A* Standards and exams: Could this explain increased Anxiety and Depression in the young?

The standard of exams seems to have gone sky high! I remember when an A was a great grade and was a real achievement. But now young people have to get an A* and lots of them. Getting a mere A is just not good enough!

Young people and children are under ridiculous amounts of pressure these days. The number of cases where young people are suffering from acute anxiety has risen dramatically in my practice. More and more frequently, young girls and boys facing GCSES and A levels are tying themselves up in knots and even physically sick before writing their exams. Their self-esteem as it at an all time low and the stress can trigger an onset of depression. This happens when their cortisol levels have been relentlessly triggered to a point where they just can’t muster a healthy amount of energy to work.

An alternative to SATS has been offered. But this means children as young as 7 years old undergoing tests, albeit in order to free teachers up to teach more and to avoid the 11+ exams. But would this earlier alternative not simply result in putting younger children under excessive scrutiny? The 11+ exams are already putting plenty of pressure on children with mountains of revision and extra tutoring for many. Parents are also getting more and more stressed worrying whether their child will get into a ‘good enough’ school.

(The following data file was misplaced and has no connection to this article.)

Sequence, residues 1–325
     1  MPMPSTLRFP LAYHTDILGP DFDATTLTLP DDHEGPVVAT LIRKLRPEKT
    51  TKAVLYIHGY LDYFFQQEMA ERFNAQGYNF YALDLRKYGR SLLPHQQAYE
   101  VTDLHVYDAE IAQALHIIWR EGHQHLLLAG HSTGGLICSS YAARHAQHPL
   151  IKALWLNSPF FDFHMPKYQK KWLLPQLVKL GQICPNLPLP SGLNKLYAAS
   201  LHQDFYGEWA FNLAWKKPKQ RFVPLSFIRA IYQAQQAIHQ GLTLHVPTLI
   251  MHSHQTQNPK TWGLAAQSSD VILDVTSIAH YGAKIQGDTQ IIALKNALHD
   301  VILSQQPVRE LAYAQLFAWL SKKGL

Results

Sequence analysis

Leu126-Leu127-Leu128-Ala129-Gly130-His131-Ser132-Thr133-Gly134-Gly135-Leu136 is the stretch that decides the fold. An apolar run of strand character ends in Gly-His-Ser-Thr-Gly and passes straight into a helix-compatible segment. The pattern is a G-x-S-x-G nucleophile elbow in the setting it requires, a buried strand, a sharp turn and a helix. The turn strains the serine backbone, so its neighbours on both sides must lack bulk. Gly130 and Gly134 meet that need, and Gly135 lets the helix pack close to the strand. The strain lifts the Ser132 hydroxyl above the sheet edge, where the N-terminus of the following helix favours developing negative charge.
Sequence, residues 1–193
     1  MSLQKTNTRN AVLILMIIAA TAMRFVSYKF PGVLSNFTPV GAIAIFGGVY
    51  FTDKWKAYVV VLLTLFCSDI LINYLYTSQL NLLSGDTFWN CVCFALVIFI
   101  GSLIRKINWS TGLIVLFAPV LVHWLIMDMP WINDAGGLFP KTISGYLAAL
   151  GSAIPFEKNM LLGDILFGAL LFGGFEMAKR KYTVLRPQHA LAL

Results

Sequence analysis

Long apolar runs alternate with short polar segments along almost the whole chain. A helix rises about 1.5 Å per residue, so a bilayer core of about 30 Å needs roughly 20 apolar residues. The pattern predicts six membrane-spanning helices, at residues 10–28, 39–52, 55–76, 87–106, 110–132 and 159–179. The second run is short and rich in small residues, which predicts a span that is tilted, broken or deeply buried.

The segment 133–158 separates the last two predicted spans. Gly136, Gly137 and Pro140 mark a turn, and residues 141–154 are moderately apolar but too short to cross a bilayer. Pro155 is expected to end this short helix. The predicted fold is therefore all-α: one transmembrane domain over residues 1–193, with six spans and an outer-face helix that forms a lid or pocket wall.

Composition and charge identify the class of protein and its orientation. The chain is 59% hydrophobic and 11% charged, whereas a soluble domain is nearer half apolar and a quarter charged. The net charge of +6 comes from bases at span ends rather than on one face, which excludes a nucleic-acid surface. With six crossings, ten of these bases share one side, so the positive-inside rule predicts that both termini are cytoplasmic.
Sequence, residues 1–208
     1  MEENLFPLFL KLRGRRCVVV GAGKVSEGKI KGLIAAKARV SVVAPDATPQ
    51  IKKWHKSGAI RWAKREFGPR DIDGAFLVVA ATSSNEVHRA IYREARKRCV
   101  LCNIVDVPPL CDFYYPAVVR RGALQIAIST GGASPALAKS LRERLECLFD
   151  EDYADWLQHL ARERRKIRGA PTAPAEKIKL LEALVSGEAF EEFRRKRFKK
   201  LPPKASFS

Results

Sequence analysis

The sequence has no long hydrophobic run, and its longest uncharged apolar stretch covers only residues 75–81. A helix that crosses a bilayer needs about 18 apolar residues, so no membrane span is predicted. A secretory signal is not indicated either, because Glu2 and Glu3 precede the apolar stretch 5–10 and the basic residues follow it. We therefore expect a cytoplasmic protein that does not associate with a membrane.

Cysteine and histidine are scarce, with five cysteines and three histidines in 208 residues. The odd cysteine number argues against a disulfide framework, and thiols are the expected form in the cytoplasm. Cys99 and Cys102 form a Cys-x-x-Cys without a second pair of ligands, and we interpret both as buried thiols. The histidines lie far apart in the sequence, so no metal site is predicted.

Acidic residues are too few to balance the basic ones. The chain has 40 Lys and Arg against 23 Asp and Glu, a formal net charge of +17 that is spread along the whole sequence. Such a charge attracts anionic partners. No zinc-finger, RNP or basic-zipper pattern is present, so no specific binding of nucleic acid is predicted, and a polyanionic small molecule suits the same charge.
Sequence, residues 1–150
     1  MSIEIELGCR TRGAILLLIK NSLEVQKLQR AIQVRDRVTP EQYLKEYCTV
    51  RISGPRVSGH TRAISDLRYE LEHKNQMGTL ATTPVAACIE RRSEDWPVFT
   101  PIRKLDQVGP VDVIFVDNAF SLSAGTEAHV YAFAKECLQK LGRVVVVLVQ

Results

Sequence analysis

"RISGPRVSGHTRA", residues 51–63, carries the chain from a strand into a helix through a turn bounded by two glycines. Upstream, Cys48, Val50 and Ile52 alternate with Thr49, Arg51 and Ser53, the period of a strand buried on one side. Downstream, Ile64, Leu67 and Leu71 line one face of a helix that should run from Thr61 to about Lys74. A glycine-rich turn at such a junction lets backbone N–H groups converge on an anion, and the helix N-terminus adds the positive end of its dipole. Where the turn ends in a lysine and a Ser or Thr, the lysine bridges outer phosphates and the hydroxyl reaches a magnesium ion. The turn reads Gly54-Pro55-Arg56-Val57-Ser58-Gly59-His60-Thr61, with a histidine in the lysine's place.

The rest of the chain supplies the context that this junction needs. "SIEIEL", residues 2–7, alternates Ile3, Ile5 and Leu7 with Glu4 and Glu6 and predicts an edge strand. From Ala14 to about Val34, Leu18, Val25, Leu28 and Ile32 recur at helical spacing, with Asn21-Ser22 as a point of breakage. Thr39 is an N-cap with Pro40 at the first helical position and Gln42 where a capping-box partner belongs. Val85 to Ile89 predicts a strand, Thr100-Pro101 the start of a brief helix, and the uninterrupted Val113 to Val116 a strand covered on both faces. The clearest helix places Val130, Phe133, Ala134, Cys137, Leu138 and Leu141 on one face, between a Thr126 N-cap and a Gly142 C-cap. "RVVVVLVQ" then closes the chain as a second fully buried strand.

The pressures of schooling is now seeping down to ages where children are really struggling to cope. They don’t have the emotional tools and strategies or are given them at a stage that is likely too late. Academia is the bench mark for success and the emotional support needed only starts when matters have reached a crisis point.

A balanced amount of self-growth and discovery is important for every child but no child can work successfully if not emotionally stable.  How can understanding a Maths time tables be more important than self-esteem? Without a good grounding of self-esteem no amount of learning practice will ‘stick’ in your child’s brain.

As babies, it is our emotional brain – the right hemisphere brain – that develops first. The right brain is the foundation that is built upon first. The left brain, that is in charge of sequential and verbal processing, is the second part of the brain puzzle which begins to engage after the first year of development.

So it’s our emotional brain that needs support and building up before we can process learning. In order for us to get the best possible chance of processing and give the best basis for our sequential brain to work, we need a solid emotional brain.

The very nature of schools and teaching is to invest in the processing brain and it is only when at crisis point that the vital emotional brain gets a look in. Unfortunately, it’s like our learning life skills are programmed back to front and nature is indicating how we are to invest in ourselves. A happy mind is primed to create a learning and curious mind. It could be said that the emotional self is the key hardware to our learning software.